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Seven Rohingyas were arrested at a displacement camp in northern Arakan state late last month, after an altercation with officials who tried to force them to register as “Bengalis” on a regional census.
Officials began compiling lists of internally displaced persons (IDPs) at camps near the state capital Sittwe on 26 April as part of an effort to identify the ethnicities of the local population. But several Rohingyas objected to being registered as “Bengali” – which is how the government describes the stateless Muslim minority.
According to local sources, a female resident at Thetkalpyin IDP camp refused to sign the census unless she could be recognised as Rohingya – which is what the group calls themselves. Residents claim she was then slapped by a local official and other camp residents then began chanting “Rohingya! Rohingya!”.
The situation reportedly escalated until someone threw a rock at a security force member, leaving him with a head injury. Later that day 10 community leaders from the camp were summoned to a meeting with authorities, where two of them were taken into custody. The Rohingya woman and her son were also detained, according to Than Htike, a Thetkalpyin villager.
“Two community leaders; Kyaw Myint and Ba Thar, are still being detained,” said Than Htike. “Around 300 police showed up and detained the woman, Sulema, and her son.”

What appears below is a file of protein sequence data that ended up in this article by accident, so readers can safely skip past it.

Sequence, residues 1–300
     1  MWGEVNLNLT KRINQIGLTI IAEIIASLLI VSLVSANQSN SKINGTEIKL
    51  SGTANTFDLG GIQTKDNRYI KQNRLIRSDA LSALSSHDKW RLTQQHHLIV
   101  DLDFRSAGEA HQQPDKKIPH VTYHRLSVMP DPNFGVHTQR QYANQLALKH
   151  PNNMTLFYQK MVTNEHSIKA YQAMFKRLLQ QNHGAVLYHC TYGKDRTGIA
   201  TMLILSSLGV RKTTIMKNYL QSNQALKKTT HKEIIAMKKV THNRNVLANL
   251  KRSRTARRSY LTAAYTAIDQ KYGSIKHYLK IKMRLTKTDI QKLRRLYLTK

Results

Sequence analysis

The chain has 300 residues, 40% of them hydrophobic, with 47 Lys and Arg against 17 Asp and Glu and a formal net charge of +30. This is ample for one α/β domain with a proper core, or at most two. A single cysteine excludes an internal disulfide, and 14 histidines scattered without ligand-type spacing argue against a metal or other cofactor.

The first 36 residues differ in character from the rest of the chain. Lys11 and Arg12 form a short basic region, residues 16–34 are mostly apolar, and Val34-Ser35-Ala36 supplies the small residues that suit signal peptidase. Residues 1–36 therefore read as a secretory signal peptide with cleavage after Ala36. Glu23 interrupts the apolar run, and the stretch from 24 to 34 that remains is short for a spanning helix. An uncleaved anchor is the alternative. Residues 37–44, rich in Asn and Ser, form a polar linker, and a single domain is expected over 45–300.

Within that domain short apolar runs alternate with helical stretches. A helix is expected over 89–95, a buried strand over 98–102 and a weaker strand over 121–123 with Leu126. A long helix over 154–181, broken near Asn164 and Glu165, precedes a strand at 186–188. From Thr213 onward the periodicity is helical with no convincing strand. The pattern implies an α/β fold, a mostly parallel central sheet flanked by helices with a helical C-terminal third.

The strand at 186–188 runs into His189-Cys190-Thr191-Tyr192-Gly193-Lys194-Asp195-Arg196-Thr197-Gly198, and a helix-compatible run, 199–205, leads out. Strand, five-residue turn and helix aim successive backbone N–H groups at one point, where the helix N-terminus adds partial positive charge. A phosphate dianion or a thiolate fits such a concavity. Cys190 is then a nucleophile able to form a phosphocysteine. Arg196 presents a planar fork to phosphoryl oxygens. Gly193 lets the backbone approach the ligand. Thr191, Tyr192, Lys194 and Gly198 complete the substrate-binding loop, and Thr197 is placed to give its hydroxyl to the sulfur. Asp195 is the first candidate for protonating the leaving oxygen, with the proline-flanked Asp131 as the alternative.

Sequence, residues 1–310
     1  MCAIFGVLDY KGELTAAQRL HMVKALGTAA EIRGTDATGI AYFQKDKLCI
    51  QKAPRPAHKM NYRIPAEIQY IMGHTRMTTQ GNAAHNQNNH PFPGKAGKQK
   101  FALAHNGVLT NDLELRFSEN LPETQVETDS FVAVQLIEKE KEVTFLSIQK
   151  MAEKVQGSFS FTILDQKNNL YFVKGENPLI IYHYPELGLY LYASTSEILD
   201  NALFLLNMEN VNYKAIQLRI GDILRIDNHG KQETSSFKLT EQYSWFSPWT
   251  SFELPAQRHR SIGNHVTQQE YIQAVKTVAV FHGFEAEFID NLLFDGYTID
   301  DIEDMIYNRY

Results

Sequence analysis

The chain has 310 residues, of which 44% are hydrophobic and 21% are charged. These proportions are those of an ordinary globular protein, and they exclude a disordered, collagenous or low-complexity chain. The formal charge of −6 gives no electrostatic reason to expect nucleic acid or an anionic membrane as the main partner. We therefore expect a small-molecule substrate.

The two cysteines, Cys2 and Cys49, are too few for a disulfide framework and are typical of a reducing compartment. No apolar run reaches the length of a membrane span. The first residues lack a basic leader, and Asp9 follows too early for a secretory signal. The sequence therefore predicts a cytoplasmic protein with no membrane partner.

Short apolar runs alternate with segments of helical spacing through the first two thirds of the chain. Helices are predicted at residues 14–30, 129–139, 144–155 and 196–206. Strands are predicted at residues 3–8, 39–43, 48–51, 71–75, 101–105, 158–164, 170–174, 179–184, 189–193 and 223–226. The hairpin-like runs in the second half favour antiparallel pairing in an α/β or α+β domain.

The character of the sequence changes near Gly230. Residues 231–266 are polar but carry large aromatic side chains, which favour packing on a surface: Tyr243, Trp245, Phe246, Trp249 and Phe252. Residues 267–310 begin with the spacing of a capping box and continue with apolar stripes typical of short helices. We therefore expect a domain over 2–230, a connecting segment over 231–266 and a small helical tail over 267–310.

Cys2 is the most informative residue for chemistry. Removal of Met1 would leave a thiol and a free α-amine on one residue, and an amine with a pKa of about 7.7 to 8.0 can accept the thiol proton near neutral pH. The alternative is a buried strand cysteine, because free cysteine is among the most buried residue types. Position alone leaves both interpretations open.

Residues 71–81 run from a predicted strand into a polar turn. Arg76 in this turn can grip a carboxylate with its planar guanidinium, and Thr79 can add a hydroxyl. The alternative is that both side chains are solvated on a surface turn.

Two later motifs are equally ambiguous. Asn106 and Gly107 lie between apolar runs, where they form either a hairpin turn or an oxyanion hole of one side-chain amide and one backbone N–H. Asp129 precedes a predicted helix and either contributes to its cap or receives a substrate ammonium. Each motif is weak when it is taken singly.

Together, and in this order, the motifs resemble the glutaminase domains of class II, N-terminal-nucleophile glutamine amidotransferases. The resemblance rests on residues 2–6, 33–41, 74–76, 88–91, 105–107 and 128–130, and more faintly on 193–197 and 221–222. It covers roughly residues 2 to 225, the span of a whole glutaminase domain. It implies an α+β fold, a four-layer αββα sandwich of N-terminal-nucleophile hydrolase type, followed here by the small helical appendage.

He said two local officials from Thetkalpyin camp; the village administrator and an auxiliary fire brigade captain were arrested the following day for failing to prevent the altercation. The son of one of the community leaders was also arrested on 29 April. Their whereabouts are currently unknown.
A similar altercation reportedly broke out at Bawdupha IDP camp in Sittwe on 26 April, causing security forces to open fire into the crowd, leaving a child with a gunshot wound on the leg.
The census is being carried out as part of a government drive to register and resettle IDPs, who were uprooted after two bouts of vicious ethno-religious clashes between Buddhist Arakanese and Rohingya Muslims last year.
On Monday, a government-backed investigation into the violence called for displaced Muslims – who are believed to number over 125,000 – to be swiftly resettled into better housing before the onset of monsoon season. But the report also described the Muslim group, which was stripped of citizenship by the military junta, as “Bengalis”.
Hla Thein, deputy-chairman of National Democratic Party for Development, criticised the government for forcing the Rohingya to register as “Bengalis”.
“It is up to the parliament to decide whether they are citizens or not so it is beyond my comprehension as to why [local authorities] want to scrutinise the population or how it is necessary to decide whether they should be Rohingyas or Bengalis,” said Hla Thein.
“It is inappropriate to force them like this without verifying [their citizenship] under the 1982 law,” referring to the contentious legislation, which rendered the Rohingya stateless.
In a statement released on Wednesday, the UN Special Rapporteur on human rights in Burma, Tomás Ojea Quintana, criticised the government-backed report for failing to address the statelessness of the Rohingya minority.
“I have always said that discrimination against the Rohingya Muslims in Rakhine [Arakan] state is one of the underlying causes of the violent conflict between communities there,” he said. “The statelessness of the 800,000 Rohingya population underlies their marginalisation and makes them particularly vulnerable to discrimination and human rights violations.”
According to a local influential figure in Sittwe, speaking on the condition of anonymity, the seven arrested individuals have been charged. The Arakan state government was unavailable for comment.